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Others come and go, but Kiko Escora is in it for the long haul

The ingenious contemporary artist & accidental DJ dives into the intersection of his art & music

  • Samantha Nicole
  • 6 October 2021
Others come and go, but Kiko Escora is in it for the long haul

It’s not easy encapsulating Kiko Escora and the impact he’s made in the Filipino creative scene. The trans-generational artist, DJ and industry disruptor has always stayed true to his being despite the ever-tumultuous changes and fickle opinions across scenes. Perhaps that’s what makes him singular, and enduringly effective.

Beyond gracing countless local and global art shows, magazine spreads and features, Escora has also carved his own corner in the nightlife scene. From pioneering parties across the metro to being billed with DJs and live acts, it wasn’t intentional that he aimed to be behind the booth in the first place.

“I started DJing because of FLUXXE back in 2005,” Escora shares about one of the parties he co-founded that saw the heydays of electro, punk, techno and indie dance. “It never really occurred to me that I would be a DJ back then. We, almost all the early DJs for FLUXXE, had no clue what we were doing; we just wanted a banging party.”

Escora approaches his musical style similar to capturing his subjects in the moment and head-on. Often blasting the likes of Cabaret Nocturne, Roman Flügel, Buzz Kulls and Boy Harsher, he lives for the grit and the rebellious.

“I must admit that I am not well-versed in the terminologies of musical genres. I just listen to a song because I like it even if I don’t know what it’s called; but yes, I guess I am partial to electro when I’m DJing, he explains. “I like the droning electronic beat, the sharp sticky bass, and the heavy wall of synth: and what I like even more is the deadpan confidence in the tracks; the I-don’t-give-a-flying-fuck-if-you-like-my-song-or-not-and-that’s-why-I’m-playing-it” attitude. I like the coolness, or should I say the coldness of the whole electro vibe.”

His taste naturally seeps into his artistry, often painting friends in nightlife or with pops of visual punk and edge reminiscent to raves and strung-out revelries. “It does affect my work as a visual artist: helping me explore more “acidic” color palettes and incorporate more graphic elements in my works for a while now.”

The pandemic may have seen digital shifts to gigs and exhibitions. However, like many creatives, it hasn’t been the most ideal situation.

“The pandemic definitely has affected my art practice, both in a bad, and fortunately a good way. At the beginning of the lockdowns, the anxiety and paranoia were almost crippling, but I was able to use those emotions in my work either as subject matter or as driver to produce,” he says. “I have works that are heavily inspired by nightlife, and they are in the back burner for now. In general, my works since the start of the pandemic until now has become a bit acerbic; I guess it’s difficult to escape from the overriding doomer climate of the moment.”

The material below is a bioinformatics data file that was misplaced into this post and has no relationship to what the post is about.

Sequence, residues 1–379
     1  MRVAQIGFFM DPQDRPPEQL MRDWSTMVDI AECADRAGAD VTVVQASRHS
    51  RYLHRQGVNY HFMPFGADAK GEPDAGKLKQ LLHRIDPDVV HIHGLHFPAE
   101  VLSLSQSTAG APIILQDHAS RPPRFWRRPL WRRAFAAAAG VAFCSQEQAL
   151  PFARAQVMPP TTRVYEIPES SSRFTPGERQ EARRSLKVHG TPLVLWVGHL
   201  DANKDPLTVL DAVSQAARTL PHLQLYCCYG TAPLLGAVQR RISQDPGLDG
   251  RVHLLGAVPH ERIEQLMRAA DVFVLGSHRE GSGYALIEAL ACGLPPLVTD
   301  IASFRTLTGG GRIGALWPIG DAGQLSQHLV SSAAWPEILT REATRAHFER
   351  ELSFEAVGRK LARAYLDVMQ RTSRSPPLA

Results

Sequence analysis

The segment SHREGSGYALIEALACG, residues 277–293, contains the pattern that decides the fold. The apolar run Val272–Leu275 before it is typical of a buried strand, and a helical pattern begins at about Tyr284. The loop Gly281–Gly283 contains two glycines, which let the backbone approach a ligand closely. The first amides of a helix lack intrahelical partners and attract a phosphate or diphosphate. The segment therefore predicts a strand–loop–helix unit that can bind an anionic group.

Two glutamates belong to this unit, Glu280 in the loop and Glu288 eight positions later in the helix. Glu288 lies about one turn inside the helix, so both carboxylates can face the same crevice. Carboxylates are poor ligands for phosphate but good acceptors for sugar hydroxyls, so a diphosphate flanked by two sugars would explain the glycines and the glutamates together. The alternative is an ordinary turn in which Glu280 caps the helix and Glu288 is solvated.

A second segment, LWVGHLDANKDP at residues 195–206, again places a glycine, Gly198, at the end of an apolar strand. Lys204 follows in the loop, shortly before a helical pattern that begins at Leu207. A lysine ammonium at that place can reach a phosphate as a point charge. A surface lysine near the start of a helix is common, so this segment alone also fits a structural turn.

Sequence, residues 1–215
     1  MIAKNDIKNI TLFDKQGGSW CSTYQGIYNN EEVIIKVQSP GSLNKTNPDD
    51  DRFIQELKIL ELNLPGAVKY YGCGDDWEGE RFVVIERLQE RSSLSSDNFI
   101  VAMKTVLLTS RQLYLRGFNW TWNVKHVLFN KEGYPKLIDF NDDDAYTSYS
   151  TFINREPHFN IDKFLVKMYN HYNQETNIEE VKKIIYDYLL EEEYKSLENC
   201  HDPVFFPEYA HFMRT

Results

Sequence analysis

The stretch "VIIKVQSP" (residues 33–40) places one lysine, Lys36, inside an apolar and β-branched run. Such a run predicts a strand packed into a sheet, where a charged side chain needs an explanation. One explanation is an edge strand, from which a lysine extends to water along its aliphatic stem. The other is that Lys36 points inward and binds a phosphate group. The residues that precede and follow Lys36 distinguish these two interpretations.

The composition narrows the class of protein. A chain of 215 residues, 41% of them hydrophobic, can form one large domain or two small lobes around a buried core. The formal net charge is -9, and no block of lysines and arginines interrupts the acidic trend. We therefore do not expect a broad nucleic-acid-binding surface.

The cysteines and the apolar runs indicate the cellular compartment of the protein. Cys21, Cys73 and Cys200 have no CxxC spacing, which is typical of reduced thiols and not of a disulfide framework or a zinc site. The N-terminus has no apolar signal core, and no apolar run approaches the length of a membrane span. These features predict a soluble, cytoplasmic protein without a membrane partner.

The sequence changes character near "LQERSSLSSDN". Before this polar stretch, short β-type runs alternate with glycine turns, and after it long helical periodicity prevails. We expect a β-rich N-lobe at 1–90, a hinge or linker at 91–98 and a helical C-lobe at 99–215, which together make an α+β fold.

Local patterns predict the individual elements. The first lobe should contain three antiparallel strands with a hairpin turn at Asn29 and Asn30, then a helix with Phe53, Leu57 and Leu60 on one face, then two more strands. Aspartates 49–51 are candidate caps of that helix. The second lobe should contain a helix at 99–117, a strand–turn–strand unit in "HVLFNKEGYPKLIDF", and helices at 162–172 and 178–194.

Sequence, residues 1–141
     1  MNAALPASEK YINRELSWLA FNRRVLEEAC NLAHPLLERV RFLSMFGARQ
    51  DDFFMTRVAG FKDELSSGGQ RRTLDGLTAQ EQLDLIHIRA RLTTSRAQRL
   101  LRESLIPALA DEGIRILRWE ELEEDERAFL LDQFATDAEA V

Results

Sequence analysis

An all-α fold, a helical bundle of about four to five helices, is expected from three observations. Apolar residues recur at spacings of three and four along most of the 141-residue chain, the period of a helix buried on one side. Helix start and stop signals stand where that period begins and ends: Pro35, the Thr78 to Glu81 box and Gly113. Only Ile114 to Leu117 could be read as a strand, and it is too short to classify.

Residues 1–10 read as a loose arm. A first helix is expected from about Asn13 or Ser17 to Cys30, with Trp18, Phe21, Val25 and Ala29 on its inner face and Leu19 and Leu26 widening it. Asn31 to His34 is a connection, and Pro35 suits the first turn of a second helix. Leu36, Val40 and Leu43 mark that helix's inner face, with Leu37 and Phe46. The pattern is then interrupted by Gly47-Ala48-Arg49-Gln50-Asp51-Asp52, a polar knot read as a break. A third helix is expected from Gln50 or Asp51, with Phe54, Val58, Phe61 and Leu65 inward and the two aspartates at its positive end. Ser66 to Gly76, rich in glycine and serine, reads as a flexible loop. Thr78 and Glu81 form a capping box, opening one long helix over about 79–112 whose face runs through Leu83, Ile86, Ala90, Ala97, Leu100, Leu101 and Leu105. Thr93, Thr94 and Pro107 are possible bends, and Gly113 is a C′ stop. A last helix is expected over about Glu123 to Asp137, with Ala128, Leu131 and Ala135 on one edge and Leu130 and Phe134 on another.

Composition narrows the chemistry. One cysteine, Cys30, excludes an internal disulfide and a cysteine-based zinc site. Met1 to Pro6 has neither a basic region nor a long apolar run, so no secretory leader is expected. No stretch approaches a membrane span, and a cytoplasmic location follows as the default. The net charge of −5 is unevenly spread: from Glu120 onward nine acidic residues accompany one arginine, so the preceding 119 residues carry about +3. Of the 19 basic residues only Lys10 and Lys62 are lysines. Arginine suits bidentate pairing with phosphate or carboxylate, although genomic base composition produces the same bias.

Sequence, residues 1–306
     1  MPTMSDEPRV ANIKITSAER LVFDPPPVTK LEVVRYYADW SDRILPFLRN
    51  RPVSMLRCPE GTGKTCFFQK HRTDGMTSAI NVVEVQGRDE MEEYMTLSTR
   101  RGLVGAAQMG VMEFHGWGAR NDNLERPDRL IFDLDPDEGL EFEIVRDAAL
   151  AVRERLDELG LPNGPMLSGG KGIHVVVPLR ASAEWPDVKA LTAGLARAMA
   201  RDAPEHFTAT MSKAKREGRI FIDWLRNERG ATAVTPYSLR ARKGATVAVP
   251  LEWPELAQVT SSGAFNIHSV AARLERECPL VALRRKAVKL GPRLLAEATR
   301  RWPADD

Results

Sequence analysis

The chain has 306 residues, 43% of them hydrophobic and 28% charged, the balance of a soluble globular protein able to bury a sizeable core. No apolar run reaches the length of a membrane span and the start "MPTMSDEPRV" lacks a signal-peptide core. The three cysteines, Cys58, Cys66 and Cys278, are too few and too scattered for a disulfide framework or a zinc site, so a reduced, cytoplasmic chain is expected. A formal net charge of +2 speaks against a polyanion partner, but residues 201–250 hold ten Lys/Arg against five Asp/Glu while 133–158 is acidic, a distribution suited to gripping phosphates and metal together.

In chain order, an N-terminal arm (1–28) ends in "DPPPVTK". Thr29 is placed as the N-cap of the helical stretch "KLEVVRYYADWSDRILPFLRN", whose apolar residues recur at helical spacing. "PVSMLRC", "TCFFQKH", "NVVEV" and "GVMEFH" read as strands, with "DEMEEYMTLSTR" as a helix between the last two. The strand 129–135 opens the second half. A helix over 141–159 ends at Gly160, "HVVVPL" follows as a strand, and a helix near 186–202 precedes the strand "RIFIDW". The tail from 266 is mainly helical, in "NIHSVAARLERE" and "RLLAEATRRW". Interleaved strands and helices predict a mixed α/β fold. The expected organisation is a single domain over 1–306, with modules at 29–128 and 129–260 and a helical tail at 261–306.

Decades before corona hit the world, Escora is living through all the parties, whether behind the booth or on the sidelines taking it all in. He’s never been coy about mincing words. Yet, his critical but open-minded views have unintentionally mentored DJ’s and artists who seek authenticity, as well as undoubtedly, helped push the local subculture further.

“The human condition is the same then and now: everybody just want to have fun. The difference is in the production of fun. It’s so much easier now with all the new technology, gadgets, and the internet. You can even throw a party nowadays without having a venue, and everybody is a DJ, which kind of good, but not entirely,” he quips. “Conformity and an overtly fail-safe attitude are recurring and prevalent in the local scene. Concept wise, there is hardly any element of danger. The themes are “safe”, the music is “safe”, the DJs and their sets are “safe”. The idea of excitement is very shallow; just enough to tide an average patron over the weekend -except for a handful of exceptions, of course.”

He continues: “The good thing though, is that the audience -some of them anyway, is always up for something different. They will embrace good energy, or vibe -even if it’s different from what’s popular, even if the music and the DJ is unfamiliar to them, as long as it is properly presented and shared to them.”

A gift Escora bears is he is both critical yet hopeful, particularly when nightlife in the Philippines reopens.

“One of the things I’ve learned from this pandemic is that things can change so unpredictably. But I believe there will be a change, especially in the people’s part. I feel that a deeper connection with fellow revelers will be in order. A better appreciation of fellowship and celebration.”

[Images via Kiko Escora, Jack Marion, Limbo, Mac Villaluna & Joseph Pascual]